A Project of The Annenberg Public Policy Center

NRA Exec’s False Gun Claim

The head of the National Rifle Association’s political and lobbying arm incorrectly described a repealed Social Security Administration reporting requirement for gun background checks as targeting senior citizens “who asked for help handling their finances.”

NRA’s Ominous But Misleading Appeal

A series of NRA ads employ images of an intruder breaking into the home of a mother home alone with her baby to make the case that Democratic candidates have “voted to take away your gun rights.” But the implication of the jarring imagery goes far beyond the facts.

Biden Revises NRA History on Background Checks

Vice President Joe Biden exaggerates when he waxes nostalgic about the “good old days” — a time when “everybody, including the NRA, thought background checks made sense.” Biden’s office says he was referring to the NRA’s support for background checks in the early 1990s and its stated support for expanding background checks to include gun shows in 1999.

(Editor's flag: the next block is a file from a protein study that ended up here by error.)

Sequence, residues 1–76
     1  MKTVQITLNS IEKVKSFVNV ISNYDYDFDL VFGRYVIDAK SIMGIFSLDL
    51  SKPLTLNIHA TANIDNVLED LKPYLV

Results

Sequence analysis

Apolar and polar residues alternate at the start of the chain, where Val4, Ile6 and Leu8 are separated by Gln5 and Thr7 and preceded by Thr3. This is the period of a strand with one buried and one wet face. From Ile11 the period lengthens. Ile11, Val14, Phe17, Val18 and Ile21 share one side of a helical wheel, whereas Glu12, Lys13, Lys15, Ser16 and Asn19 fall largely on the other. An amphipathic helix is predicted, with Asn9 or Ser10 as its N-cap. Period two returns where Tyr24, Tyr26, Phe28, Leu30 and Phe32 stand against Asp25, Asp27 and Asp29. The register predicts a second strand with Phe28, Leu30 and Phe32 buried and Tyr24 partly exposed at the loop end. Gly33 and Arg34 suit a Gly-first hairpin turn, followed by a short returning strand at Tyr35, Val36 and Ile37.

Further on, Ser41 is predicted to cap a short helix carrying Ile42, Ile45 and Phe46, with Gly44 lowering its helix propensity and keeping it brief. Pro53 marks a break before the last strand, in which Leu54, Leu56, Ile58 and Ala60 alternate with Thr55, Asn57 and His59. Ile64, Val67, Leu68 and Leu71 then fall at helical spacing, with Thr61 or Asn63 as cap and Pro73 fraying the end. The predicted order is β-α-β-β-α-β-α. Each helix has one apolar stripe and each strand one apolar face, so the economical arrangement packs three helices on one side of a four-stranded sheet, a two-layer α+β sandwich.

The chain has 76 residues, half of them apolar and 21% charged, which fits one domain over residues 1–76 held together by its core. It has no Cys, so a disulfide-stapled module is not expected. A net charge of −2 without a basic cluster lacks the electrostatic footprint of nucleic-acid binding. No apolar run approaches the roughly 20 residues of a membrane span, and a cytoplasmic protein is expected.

Did Obama Flip-Flop on Gun Control?

Wayne LaPierre, chief executive officer of the National Rifle Association, incorrectly claimed Obama pulled a bait-and-switch, promising during the campaign not to take away anyone’s guns, but now supporting an assault weapons ban. Obama is not now seeking to take away anyone’s existing guns, and he has for years consistently supported a reinstatement of the assault weapons ban.
Speaking on “Fox News Sunday” on Feb. 3, LaPierre was asked by host Chris Wallace what he made of the White House releasing a photo of President Obama skeet shooting at Camp David.

Did the 1994 Assault Weapons Ban Work?

Both sides in the gun debate are misusing academic reports on the impact of the 1994 assault weapons ban, cherry-picking portions out of context to suit their arguments.

Wayne LaPierre, chief executive officer of the National Rifle Association, told a Senate committee that the “ban had no impact on lowering crime.” But the studies cited by LaPierre concluded that effects of the ban were “still unfolding” when it expired in 2004 and that it was “premature to make definitive assessments of the ban’s impact on gun violence.”